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Preamble about where I am right now:

  1. Late 40s
  2. In the USA
  3. Modest car loan, no mortgage, no credit card debt
  4. No spouse or children
  5. About $200,000 in a traditional IRA, another $50,000 in a Roth

Although I already have a bachelor’s degree, I want to change careers, starting with a bachelor’s degree in a mostly unrelated field. I’ve carefully selected a single state school where I reside to apply to and I have a good chance of being accepted, so I estimate I will pay in-state tuition of about $12,000 per year.

Reviewing the degree requirements, I have calculated I can earn my degree in three years as a full time student. Tuition combined with three years of living expenses plus books and other costs, my estimate for the total I will spend in those three years is $100,000.

When the term I have applied for starts, I expect to have $40,000 - $50,000 saved in non-retirement accounts.

I’m very confident I will be able to work part time while taking classes, but I don’t expect to be able to work more than ten hours a week, if that. Being conservative, I’m estimating earning around $20,000 (after taxes) over those three years, and even if I’m generous I very much doubt I can earn $50,000 - $60,000 and still keep up with degree requirements.

So I’m facing a deficit of $30,000 - $40,000.

Taking for granted (please) that I’ve thought a lot about all of my options and have firmly decided that waiting or studying part time will not get me where I want to be, my question is:

To cover the deficit, is it better to borrow against my IRA or take out student loans? Or some combination?

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  • Are you sure you can borrow from your IRA? I know you can get a loan from a 401(k). Jan 20 at 0:20

2 Answers 2

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You can't borrow from a Traditional IRA. If you pledge your IRA as collateral for a loan it is treated as a disbursement and subject to taxes (and penalties).

You can borrow from a 401(k) (if your company allows it) but you lose out on the future growth of the amount you borrowed. The hope is that the market grows at a lower rate than the rate you pay in interest. In addition, if you leave your company, the loan may be due in full (again depending on the policies of your company).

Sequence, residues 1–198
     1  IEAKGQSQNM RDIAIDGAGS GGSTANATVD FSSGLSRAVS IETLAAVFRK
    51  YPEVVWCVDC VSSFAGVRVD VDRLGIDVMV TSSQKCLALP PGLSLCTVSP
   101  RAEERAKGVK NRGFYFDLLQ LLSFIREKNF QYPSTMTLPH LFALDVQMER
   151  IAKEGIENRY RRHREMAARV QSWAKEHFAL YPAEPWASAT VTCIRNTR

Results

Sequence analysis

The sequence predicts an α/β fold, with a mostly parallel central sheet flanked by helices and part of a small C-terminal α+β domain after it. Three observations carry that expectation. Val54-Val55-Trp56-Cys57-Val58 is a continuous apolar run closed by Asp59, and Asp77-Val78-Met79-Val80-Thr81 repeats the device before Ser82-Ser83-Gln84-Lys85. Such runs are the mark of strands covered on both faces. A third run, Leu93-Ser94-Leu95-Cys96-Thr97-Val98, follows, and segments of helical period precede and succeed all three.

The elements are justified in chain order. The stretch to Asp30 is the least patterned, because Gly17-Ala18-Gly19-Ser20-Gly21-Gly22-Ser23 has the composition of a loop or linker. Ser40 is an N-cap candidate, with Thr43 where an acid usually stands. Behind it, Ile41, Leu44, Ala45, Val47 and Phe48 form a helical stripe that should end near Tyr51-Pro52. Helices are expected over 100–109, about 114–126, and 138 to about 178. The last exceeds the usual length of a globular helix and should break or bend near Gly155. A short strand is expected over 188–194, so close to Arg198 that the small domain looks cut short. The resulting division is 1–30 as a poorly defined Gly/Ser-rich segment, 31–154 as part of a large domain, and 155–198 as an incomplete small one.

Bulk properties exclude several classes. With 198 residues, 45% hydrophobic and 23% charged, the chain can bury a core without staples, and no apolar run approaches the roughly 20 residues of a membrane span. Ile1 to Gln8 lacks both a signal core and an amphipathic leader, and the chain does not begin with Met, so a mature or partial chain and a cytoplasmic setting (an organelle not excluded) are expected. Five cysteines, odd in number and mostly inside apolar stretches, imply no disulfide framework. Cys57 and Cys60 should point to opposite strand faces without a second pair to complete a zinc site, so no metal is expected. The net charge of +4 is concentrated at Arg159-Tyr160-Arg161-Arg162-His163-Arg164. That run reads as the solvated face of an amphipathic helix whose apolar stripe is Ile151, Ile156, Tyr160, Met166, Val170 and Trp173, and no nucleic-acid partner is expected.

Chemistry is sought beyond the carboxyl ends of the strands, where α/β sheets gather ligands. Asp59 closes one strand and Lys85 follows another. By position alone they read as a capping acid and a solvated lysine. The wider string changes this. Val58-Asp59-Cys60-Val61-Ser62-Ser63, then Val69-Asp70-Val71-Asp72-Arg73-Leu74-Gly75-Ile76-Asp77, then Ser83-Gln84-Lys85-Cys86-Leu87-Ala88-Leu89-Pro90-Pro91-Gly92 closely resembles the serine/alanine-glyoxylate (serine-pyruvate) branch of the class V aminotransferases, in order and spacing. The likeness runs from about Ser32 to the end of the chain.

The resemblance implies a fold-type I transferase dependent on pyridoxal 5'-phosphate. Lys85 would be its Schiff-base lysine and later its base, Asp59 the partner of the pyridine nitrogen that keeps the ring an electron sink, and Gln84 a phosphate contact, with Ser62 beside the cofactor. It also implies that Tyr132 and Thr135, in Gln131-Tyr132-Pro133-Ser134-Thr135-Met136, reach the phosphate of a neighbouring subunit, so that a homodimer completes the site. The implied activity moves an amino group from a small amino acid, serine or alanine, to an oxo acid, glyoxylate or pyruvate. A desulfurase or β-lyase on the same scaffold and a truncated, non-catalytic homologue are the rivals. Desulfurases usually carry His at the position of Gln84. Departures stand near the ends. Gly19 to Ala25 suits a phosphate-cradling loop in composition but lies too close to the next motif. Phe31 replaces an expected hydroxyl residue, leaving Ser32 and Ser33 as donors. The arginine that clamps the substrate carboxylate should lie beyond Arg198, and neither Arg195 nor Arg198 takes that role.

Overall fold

You can use a Roth IRA to pay for secondary education without penalty, so I would consider tapping that before borrowing from a 401(k). You're still borrowing from your retirement funds - it's just up to you to pay yourself back as fast as possible to recoup the growth you're missing out on.

Or wait a year or two, save money like mad in a 529 plan (that also grows tax-free) and don't borrow against your retirement.

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  • Ah I conflated traditional IRA with 401(k). Jan 20 at 0:59
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    Borrowing from the 401(k) would be problematic if they are quitting their current employer. They would have to pay back the amount owed before the next tax day. Jan 20 at 20:28
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Who says you have to pay tuition? Once you quit your job and reduce your income to $12,000/year, you become a very low income/high asset student. Apply for financial aid:

Non-traditional students who will be quitting a job to go back to school should ask the college financial aid office for a “professional judgment” review to adjust the income from prior tax year income to estimated award year income.

https://finaid.org/otheraid/nontraditional

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    Most federal and school financial aid are loans Jan 20 at 17:31
  • There's no FAFSA need based federal financial aid for second bachelor's degrees, but there may be institutional or state level financial aid available. You should check with the financial aid office. Jan 20 at 21:29

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